Vehicle Recalls Ignored by Many Drivers, Survey Finds
Faulty airbag, hood latch or ignition switch? Who cares?
That appears to be the attitude of more than 40 percent of American consumers. According to new research from Autotrader, just 56 percent take their vehicle in for repair every time they are notified of a recall.
The findings come on the heels of the largest vehicle recall in U.S. history, affecting more than 34 million car and truck owners.
Citing the recall of more than 80 million vehicles in the past 18 months, Jim Appleton with the New Jersey Coalition of Automotive Retailers suggested consumers have become somewhat "immune" to these notices. They tend to ignore them or put them aside, rather than hurry into the dealership to get the necessary work done.
"There's a certain amount of weariness on the part of the consumer," Appleton said. "They keep getting these recall notices over and over again."
Another part of the problem, he said, is that all recalls fall in the same category, meaning consumers are offered no sense of urgency when the flaw is life-threatening. Appleton is part of a push to develop a "tiered" recall approach nationwide, which would give drivers a better sense of the problem at hand.
"We have literally had recalls for the wrong phone number, the wrong 800 number, in an owner's manual, or a warning sticker that doesn't stick well," he said.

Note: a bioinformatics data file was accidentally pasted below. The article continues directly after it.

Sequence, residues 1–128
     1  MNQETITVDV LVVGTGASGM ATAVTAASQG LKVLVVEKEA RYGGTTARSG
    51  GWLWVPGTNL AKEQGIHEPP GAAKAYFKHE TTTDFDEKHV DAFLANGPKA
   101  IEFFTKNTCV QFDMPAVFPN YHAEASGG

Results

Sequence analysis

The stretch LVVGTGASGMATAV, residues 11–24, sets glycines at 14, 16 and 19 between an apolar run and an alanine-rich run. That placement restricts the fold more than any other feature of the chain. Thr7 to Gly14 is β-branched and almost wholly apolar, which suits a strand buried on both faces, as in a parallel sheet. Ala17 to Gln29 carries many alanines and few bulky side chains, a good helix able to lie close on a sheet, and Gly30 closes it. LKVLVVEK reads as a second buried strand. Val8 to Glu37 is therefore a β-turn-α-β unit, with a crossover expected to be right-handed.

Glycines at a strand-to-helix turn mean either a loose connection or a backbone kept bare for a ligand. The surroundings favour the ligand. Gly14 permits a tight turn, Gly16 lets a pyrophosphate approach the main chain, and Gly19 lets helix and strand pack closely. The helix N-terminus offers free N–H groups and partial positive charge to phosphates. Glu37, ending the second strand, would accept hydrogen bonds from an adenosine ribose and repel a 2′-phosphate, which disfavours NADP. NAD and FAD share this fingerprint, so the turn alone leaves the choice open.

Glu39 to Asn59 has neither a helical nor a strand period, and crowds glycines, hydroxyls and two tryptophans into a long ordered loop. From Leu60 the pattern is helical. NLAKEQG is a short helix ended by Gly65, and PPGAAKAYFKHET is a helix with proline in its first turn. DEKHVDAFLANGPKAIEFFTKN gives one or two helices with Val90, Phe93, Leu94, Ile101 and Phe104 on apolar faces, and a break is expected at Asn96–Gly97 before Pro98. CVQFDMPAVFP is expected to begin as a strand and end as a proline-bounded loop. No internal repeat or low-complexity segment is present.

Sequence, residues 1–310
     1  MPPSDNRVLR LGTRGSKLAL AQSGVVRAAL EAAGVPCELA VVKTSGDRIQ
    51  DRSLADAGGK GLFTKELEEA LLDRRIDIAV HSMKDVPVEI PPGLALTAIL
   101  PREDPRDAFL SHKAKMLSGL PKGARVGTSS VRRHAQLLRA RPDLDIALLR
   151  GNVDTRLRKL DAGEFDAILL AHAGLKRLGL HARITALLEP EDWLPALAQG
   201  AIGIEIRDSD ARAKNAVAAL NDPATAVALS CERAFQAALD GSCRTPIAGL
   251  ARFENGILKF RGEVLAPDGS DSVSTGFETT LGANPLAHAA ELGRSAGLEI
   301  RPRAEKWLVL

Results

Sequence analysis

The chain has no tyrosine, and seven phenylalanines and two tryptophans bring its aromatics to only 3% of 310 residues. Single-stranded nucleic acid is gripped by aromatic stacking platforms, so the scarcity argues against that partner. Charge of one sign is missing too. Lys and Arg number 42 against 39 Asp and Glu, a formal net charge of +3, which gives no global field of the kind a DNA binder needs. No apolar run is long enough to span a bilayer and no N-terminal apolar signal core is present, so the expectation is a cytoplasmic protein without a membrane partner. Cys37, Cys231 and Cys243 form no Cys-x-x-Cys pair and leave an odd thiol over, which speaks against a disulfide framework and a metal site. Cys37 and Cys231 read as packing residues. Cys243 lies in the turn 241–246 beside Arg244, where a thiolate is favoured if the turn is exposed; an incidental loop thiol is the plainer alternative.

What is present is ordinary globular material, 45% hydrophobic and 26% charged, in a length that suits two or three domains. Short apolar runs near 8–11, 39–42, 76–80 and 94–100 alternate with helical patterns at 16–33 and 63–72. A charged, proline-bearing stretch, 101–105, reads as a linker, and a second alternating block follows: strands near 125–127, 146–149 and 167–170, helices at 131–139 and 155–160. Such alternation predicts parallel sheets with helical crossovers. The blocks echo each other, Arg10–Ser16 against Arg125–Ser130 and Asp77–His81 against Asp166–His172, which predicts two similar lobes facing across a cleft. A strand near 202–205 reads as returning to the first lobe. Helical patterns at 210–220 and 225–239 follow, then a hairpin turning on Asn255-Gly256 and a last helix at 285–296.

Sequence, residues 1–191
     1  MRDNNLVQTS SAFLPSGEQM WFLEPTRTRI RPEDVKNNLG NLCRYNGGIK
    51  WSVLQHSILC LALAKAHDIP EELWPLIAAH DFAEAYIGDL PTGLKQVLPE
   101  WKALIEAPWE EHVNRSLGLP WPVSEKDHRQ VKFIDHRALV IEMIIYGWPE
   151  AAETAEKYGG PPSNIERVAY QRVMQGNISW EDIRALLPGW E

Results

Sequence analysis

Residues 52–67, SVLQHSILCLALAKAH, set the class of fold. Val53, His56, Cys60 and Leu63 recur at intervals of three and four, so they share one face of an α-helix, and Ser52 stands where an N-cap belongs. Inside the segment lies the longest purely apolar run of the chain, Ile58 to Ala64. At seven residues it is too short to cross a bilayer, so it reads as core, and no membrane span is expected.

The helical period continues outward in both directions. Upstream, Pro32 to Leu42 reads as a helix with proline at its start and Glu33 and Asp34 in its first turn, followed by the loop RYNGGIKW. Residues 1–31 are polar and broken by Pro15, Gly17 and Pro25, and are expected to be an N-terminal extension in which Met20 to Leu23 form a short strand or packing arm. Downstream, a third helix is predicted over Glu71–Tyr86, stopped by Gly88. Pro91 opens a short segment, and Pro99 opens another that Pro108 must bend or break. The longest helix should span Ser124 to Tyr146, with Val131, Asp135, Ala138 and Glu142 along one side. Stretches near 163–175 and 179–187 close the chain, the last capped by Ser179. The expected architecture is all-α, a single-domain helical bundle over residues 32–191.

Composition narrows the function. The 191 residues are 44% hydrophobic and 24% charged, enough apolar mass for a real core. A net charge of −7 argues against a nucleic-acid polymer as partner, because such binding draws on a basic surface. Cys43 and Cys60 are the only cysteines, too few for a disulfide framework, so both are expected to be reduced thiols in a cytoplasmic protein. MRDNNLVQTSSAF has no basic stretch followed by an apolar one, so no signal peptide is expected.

But other recalls connect to major, life or death issues.
The recent widespread recall targets Takata's defective airbags, present in about one-seventh of the vehicles on the road in America. The airbags can violently explode upon deployment and have already caused a number of deaths and injuries.
"The reason something is recalled is for people's safety," said Cathleen Lewis of AAA New Jersey.
She said some consumers believe that if a recall is important enough, they will be bombarded with notifications. But that's not always the case.
"That one letter is going to say you have a recall and you should take it to the shop," she said. "There's not going to be a follow-up. There's no consequences if you don't take it in, other than the fact that obviously your car is unsafe."
According to Appleton, that first notice is a requirement for manufacturers by federal regulators. After that, the dealer at which the vehicle was purchased can choose to send additional notices. Dealers get reimbursed for any recall work performed, so they can profit from the deal.